•Declare and develop appropriate sites of memory related to the various communities, for example, Pinnacle in St. Catherine with respect to the Rastafarian community and Watt Town in St. Ann for Revivalists; and
•Visits to museums and heritage sites/sites of memory and sites of national collections, as part of the structured school programme and as indicators used in the assessment of schools’ performance (from pre-primary/basic to tertiary) in fulfilment of the goal of promoting knowledge of culture, heritage and traditions among children and youth, and wider society. The Culture Passport programme which was re-branded by the MCGES is among the primary tools and initiatives developed to support how Jamaicans engage the diverse cultures of the island.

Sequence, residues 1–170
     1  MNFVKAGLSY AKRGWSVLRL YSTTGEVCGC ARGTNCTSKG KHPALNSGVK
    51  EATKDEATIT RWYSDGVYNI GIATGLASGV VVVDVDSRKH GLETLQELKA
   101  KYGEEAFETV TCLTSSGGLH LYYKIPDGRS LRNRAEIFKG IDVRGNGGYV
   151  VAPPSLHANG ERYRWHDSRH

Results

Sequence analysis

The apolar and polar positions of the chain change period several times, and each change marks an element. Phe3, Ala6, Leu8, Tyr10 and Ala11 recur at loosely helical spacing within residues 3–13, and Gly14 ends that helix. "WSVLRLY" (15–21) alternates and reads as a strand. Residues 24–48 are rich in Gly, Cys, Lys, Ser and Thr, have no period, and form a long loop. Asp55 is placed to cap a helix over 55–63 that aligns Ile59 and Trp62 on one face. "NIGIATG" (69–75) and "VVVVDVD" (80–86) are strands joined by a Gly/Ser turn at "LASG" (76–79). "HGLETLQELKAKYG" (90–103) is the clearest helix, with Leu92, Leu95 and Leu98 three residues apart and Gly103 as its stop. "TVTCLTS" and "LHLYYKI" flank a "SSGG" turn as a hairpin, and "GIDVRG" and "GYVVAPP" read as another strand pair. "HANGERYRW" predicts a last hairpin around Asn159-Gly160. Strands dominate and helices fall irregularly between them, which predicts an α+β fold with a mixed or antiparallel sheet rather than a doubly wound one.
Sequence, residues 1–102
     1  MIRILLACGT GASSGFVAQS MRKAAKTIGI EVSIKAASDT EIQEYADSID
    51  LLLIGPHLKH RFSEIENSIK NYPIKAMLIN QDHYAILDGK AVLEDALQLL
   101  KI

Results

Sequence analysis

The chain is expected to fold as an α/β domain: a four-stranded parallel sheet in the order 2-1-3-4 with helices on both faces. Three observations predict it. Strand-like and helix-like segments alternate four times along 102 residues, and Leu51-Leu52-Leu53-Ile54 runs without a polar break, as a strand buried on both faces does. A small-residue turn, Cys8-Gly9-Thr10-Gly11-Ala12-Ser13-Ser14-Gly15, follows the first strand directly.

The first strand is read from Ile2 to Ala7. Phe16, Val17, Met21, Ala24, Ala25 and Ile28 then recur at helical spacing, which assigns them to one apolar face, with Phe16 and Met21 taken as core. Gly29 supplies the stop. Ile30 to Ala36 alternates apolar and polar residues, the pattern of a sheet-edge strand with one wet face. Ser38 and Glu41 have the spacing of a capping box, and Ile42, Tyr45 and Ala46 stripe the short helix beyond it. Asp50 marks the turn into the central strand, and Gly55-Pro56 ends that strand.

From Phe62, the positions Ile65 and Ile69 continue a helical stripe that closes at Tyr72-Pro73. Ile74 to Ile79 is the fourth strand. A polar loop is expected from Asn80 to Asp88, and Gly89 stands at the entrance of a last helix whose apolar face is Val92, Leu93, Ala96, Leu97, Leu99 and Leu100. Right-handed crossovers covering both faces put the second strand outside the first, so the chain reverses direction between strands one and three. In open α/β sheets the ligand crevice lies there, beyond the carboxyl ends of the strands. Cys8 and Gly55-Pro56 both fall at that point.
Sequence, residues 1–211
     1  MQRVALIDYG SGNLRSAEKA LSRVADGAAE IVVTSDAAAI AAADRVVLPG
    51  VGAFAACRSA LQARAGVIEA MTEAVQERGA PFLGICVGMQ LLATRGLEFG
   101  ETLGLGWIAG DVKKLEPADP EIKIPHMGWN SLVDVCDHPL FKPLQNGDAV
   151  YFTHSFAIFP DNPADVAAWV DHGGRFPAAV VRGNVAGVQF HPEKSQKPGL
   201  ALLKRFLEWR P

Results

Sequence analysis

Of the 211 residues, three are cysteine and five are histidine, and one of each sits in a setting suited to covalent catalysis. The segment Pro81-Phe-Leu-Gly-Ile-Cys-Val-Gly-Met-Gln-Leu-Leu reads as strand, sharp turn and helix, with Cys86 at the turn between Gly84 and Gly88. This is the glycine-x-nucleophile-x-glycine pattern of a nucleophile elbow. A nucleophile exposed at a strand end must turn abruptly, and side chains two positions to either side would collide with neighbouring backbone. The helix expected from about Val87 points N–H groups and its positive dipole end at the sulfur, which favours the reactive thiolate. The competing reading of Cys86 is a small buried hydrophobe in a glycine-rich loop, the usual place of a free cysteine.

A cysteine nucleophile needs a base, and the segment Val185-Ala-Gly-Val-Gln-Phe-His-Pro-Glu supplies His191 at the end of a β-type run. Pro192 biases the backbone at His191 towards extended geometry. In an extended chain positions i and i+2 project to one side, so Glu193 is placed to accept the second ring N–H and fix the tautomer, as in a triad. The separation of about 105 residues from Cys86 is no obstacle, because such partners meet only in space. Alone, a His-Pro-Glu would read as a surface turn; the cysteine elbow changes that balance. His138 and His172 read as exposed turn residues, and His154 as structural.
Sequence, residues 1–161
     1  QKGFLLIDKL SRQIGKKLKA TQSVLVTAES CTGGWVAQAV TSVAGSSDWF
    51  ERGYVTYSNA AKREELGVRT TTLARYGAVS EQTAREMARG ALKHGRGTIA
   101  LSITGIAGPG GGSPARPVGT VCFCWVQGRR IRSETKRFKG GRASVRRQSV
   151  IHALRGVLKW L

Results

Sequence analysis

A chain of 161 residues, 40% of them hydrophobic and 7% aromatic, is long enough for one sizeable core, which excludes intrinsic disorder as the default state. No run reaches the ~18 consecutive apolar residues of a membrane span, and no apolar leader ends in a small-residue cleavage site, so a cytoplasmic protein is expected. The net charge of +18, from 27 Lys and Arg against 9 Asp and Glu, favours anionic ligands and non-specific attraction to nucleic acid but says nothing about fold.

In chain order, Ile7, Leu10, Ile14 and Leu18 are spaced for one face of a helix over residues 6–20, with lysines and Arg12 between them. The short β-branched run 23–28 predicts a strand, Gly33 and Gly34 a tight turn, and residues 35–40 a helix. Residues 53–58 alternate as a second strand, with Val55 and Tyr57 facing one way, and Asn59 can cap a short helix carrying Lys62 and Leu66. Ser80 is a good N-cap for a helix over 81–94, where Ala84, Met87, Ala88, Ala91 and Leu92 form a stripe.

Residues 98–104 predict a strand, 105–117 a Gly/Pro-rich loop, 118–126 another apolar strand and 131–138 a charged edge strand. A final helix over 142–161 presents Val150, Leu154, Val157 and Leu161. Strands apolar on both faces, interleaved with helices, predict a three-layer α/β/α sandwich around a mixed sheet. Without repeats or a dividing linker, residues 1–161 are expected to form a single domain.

108.Regulation 30 (b) of the Television and Sound Broadcasting Regulations, prohibits the transmission of any “any statement concerning or comment upon race, colour, creed, religion or sex of any person which is abusive or derogatory.” The Children’s Code for Programming also prohibits language “used to abuse or denigrate”. In this context, the Public Broadcasting Corporation of Jamaica (PBCJ) has played a key monitoring role in ensuring respect for fundamental rights and freedom of all from discrimination, and has sought to reinforce the media’s responsibility in the promotion of tolerance, including through investigations into the use of racial slurs. The Public Broadcasting Corporation of Jamaica has also developed its own manual to encourage self-monitoring by the media, while the Code of Practice for Jamaican Journalists and Media Organisations, published by the Press Association of Jamaica in keeping with Television and Sound Broadcasting Regulations, provides for the following in Section 12: